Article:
Sarah's Stars

Nora Rock. More Than Bread
Smith, Bonappétit & Son  $12.95  ISBN 978-1-897118-41-2  205 pg.
Reviewed by Lindsey, Age 15

"Hey! Did you hear the big news?"

"What news?"

"Michael!" she chucked my dad in the shoulder. "Out with it!"

Dad shifted in his seat. He had a good news/bad news look on his face. He put down his bottle of beer, only half empty after two and a half periods of hockey. "Well, I'm thinking about running for the Liberal Party. Provincial. In this riding."

Elyse beamed. "Thinking about!"

"OK, I am running."

"Cool." I wish I could have said something a little less lame, but to tell you the truth I was shaky on what exactly he meant.

Tom Aylesworth led a pretty typical life, hanging out with his friends and going to school (even if it was an expensive private school). His parents are split up and he doesn't particularly care for his dad's new flame, but then two things happen. One is that his dad decides to become a politician. Two is that Tom meets Judge. Judge is kind of scary-looking actually. He's tough, he's tall and he's got a way of manipulating people so that they don't notice. Even so, Judge is also the head of a radical activist group called Bread Equity and Tom is the perfect recruit for the group. Unfortunately, the activist group plans to protest at an event that's closely tied to Tom's father. As the date of the rally gets closer and closer and Tom discovers what being an activist is all about, he also discovers that even a peaceful group of protesters can have a dark side...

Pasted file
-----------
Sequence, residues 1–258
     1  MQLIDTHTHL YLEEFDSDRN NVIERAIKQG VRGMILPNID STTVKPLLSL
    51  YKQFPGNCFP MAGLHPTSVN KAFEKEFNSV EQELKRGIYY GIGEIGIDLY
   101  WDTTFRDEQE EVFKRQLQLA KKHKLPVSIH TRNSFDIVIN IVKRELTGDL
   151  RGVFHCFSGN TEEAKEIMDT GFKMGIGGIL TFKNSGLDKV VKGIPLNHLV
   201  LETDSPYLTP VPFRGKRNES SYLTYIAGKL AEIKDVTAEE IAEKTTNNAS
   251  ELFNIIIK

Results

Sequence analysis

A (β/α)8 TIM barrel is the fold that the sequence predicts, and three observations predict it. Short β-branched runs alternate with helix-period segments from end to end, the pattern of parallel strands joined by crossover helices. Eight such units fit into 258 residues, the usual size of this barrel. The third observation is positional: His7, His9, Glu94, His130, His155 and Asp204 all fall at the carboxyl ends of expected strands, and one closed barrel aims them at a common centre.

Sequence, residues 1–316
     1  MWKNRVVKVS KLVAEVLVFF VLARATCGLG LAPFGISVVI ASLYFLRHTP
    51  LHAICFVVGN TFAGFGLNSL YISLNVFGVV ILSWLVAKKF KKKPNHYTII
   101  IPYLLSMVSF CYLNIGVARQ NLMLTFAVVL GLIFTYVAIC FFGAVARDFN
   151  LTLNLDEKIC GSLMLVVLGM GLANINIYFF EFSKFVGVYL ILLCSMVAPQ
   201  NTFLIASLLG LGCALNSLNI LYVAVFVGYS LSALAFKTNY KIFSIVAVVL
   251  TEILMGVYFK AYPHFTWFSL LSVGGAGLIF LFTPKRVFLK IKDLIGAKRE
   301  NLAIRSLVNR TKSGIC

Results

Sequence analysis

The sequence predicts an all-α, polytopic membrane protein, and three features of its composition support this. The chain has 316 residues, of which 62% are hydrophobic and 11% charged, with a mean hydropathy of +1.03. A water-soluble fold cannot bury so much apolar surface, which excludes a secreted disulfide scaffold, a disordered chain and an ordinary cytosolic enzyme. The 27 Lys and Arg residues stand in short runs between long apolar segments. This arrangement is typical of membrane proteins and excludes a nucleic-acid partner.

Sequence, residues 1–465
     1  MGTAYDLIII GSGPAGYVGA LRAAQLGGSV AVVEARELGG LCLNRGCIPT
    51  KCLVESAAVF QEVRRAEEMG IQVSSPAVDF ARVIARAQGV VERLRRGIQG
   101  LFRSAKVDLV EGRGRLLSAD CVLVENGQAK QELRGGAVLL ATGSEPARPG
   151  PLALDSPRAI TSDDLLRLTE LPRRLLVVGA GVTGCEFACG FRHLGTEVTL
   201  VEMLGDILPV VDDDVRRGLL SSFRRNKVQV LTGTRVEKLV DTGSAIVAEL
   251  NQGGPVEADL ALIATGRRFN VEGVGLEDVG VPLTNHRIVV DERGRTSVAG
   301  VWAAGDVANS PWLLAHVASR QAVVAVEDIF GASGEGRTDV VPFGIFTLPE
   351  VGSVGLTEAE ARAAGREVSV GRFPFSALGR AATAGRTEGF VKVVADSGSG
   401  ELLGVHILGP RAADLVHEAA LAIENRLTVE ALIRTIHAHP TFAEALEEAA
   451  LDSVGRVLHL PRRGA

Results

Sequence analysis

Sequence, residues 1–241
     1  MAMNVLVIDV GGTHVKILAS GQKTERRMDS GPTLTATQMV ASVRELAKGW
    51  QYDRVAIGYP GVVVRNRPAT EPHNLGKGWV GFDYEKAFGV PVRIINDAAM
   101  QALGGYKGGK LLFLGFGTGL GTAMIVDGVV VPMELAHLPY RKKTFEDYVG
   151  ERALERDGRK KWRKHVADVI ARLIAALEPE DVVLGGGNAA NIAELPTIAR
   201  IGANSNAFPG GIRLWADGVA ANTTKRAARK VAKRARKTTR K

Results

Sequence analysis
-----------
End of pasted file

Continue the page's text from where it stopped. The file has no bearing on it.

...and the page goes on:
More Than Bread was a fairly interesting piece of writing. The premise was a tad flat but it looked original and I enjoy discovering new authors so I thought I'd give it a try. I really didn't mind it at the start. It kept me reading, even if I didn't care too much for Tom but I wanted to see how it all turned out. I was a bit disappointed with the ending though. It was all leading up to the important event, the rally, and then suddenly Tom suffers a terrible accident and wakes up in a hospital with everyone telling him he almost died! It was kind of confusing and very unbelievable. But for the most part, the book really wasn't all that bad. I appreciate that the publishers are really trying to reach out to a younger audience and get teens interesting in reading and also in reading about important issues like poverty and politics. I really think that the story could have been better but I give credit where credit is due. It was a well-written story and I do feel that if there were to be another Spoonful Fiction novel, I'd most likely check it out.

I give Nora Rock's More Than Bread three stars.


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